People who spread racial hatred online should be treated like sex offenders: Kicked off social networking sites and banned from using fake identities, advises a group of British MPs, in a new report on rising anti-Semitism in the UK.
"Internet ASBOs" — or Anti-Social Behavior Orders — are already used to restrict the online manoeuvrings of sex offenders in Britain. Now, MPs hope to apply similar measures to internet haters.
The recommendation comes from an All-Party Parliamentary Inquiry Into Anti-Semitism, released on Monday, which found that levels of violence and abuse aimed at Jewish people in Britain has doubled since the 1990s.
The document calls for government and police to take "urgent action" to counter a "disturbing rise in anti-Semitism in the UK."
The report further notes that social media has "increasingly been used for the spread of anti-Semitism." During last summer's Israel-Gaza war, the terms "Holocaust" and "Hitler" were reportedly among the top 35 key words used on Twitter.
The "Hitler was Right" hashtag trended across the world in July 2014.
The MPs' findings correspond to a separate report released last week by the Community Security Trust (CST), a UK charity that monitors anti-Semitism. It found that anti-Semitic incidents in Britain had more than doubled over the last year — to 1,168 episodes in 2014. This was the highest count recorded by CST since the organization began its tally in 1984.
A Populus poll that accompanied the report found that 37 percent of Brits believe that anti-Semitism has worsened in the last decade.
The new report urges Westminster to cover the cost of security at synagogues. It also calls for new research into the use of anti-Semitic language and offers guidance for teachers on how to teach the Holocaust and the ongoing Middle East conflict in schools.
The cross-party Parliamentary team was set up last August "to review the state of anti-Semitism in the UK, specifically in light of anti-Jewish hatred emanating from the Middle East conflict" — but some of the panel's recommendations are broader reaching in scope, and concern forms of racial and religious hatred beyond anti-Semitism. The panel has called for new "guidance and legal tools for the policing of hate crime."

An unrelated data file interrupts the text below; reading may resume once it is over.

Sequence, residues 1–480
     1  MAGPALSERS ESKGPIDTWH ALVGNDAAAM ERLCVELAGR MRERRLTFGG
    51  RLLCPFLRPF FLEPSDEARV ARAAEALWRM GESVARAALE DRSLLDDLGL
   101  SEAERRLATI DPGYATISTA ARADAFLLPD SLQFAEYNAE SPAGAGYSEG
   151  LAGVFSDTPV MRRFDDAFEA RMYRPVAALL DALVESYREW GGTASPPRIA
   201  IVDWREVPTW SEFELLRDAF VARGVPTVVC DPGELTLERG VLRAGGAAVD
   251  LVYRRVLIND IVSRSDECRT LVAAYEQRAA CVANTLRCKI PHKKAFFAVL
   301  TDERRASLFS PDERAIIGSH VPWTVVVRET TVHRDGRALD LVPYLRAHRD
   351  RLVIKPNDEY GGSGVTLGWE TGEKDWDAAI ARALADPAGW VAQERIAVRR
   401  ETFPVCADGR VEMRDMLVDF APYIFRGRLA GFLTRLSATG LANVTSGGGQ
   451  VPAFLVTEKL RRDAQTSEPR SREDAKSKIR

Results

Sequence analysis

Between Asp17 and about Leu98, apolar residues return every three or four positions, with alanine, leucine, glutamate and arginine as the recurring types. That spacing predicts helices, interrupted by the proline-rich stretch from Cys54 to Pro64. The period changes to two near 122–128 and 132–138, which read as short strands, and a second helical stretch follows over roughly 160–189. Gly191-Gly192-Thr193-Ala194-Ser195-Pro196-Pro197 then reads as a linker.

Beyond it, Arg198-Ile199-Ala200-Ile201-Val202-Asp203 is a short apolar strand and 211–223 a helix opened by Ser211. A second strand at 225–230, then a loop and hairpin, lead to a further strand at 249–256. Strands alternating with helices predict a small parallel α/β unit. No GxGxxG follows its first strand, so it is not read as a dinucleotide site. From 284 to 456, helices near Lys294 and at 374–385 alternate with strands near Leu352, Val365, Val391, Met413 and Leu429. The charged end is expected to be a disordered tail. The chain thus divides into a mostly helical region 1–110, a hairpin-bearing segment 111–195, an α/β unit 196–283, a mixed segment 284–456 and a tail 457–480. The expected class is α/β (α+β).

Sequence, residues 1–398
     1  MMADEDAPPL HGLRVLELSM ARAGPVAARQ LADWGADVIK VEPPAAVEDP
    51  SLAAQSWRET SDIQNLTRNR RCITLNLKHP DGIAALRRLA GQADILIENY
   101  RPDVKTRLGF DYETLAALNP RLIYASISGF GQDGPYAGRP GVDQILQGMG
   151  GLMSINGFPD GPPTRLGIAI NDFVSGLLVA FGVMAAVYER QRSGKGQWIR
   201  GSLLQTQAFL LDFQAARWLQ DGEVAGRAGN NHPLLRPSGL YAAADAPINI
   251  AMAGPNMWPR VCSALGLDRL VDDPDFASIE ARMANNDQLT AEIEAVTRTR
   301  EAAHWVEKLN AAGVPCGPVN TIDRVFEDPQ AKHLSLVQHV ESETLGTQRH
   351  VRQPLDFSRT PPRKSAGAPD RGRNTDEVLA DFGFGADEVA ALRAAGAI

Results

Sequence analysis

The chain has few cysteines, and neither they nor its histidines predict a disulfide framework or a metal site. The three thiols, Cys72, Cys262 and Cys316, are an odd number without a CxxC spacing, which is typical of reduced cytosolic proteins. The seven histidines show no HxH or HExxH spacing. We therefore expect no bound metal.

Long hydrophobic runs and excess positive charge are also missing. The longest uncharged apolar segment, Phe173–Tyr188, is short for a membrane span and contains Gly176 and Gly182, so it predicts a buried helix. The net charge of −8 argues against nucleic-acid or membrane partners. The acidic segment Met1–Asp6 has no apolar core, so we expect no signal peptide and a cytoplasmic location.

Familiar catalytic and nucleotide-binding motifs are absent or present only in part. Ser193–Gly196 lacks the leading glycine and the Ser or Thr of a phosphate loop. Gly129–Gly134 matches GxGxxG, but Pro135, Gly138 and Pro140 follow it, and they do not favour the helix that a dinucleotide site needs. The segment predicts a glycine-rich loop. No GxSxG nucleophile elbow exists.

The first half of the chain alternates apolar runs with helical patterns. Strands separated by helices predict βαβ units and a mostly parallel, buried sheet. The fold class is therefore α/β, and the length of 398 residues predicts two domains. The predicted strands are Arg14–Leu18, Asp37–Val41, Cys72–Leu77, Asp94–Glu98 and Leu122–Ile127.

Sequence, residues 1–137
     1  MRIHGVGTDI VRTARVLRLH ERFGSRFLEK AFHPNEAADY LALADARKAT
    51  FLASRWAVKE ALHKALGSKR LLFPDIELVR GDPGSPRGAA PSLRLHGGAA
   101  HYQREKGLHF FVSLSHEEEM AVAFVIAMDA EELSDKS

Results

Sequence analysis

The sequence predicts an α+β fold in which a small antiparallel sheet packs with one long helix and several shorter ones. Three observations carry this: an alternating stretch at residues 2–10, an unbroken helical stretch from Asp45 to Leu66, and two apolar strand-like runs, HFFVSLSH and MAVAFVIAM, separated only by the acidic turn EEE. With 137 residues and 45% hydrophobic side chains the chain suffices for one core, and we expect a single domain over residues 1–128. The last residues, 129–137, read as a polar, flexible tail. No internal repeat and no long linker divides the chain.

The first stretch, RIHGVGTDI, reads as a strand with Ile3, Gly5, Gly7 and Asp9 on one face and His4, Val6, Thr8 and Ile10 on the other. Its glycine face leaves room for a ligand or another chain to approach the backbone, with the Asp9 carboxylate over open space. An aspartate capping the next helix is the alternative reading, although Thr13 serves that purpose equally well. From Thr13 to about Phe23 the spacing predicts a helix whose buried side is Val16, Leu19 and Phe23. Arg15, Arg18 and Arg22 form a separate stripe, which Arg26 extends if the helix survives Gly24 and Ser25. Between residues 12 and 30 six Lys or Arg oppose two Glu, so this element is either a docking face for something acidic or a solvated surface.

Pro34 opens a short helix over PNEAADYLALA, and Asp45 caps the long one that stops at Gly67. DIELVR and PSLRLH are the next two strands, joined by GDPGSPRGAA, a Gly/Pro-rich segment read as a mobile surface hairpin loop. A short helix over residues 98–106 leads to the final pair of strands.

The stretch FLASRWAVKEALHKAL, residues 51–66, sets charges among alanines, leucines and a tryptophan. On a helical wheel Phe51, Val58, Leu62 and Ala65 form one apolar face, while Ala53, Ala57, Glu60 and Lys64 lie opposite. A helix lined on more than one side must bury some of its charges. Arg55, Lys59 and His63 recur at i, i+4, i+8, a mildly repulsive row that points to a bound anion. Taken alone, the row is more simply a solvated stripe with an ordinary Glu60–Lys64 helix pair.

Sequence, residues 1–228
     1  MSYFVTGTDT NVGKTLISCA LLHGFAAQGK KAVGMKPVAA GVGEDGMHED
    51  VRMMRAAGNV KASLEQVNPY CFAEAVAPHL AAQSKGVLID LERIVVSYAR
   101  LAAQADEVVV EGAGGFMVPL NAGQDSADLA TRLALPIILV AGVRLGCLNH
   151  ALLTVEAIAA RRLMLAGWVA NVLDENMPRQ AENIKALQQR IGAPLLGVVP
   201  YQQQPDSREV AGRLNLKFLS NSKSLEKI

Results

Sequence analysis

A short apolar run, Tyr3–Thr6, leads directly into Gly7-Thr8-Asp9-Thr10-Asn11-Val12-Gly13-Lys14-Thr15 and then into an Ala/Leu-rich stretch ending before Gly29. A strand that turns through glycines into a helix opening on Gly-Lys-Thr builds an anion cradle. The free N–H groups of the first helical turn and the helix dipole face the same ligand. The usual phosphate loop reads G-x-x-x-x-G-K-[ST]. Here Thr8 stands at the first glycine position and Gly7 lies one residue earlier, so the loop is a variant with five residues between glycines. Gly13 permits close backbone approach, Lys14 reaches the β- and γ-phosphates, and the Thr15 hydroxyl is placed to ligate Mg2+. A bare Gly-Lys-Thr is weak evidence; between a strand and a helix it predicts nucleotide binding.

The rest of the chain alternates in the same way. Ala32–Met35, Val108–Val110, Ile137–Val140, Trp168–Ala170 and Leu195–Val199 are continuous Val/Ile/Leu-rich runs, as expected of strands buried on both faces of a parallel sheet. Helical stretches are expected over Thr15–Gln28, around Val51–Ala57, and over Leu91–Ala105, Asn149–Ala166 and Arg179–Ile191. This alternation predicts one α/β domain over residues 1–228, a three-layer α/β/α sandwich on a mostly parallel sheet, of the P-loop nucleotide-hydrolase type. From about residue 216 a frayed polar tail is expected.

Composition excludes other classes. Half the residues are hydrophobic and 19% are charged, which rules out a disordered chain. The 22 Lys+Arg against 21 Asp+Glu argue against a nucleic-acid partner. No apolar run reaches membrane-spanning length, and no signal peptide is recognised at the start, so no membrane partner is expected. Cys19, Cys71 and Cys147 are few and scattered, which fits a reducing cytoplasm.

"There is an allowance in the law for banning or blocking individuals from certain aspects of Internet communication in relation to sexual offences," the report notes. "Informal feedback we have received from policy experts indicates that this is a potential area of exploration for prosecutors in relation to hate crime."
The inquiry team, chaired by Labour MP John Mann, recently met with executives from Twitter and Facebook about measures to clamp down on Internet abuse. The report describes Facebook as a "willing partner" in this endeavour, but expresses "serious concerns" about Twitter and the efficacy of its complaints review process.
Last week, in an internal Twitter memo leaked to the media, Twitter CEO Dick Costelo admitted that his company "sucks at dealing with abuse and trolls."
The new report comes at a sensitive moment for Jewish communities in Britain, landing one month after an armed assailant seized a kosher grocery store in Porte de Vincennes, Paris, killing four hostages.
Today, British newspapers are replete with regular reports on British Jews who reportedly find themselves in peril. Last month, the UK Home Office ordered extra police patrols in Jewish neighbourhoods. Already, a number of Jewish communities are reportedly running terrorism drills for school students and ramping-up security at synagogues.
"We don't know what to expect in the future, whether Jews will be able to live in Europe," an unnamed "Jewish teenager" told the cross-party inquiry.
Last year's Pew Global Attitudes survey found that 83 percent of Brits have a favourable attitude towards Jews, compared to the 64 percent who feel favourably towards Muslims. Just 7 percent of Brits feel unfavourably towards Jews: far less than the figures for Italy (24 percent) and Greece (47 percent). These numbers make Britain one of the least anti-Semitic countries in the world.
In a statement released Monday, Prime Minister David Cameron called the report "hugely important… While I am prime minister I promise we will fight anti-Semitism with everything we have got."
Sir Bernard Hogan Howe, commissioner of the London Metropolitan Police, acknowledged that "our Jewish communities are feeling especially vulnerable at this time." He said that police had taken steps, in recent weeks, to provide "additional reassurance" to British Jews.
In its conclusion, the report urges the government to better anticipate spikes in anti-Semitism and liaise with foreign embassies "specifically to plan for anti-Semitism during times of increased tension in the Middle East."
Follow Katie Engelhart on Twitter: __@katieengelhart
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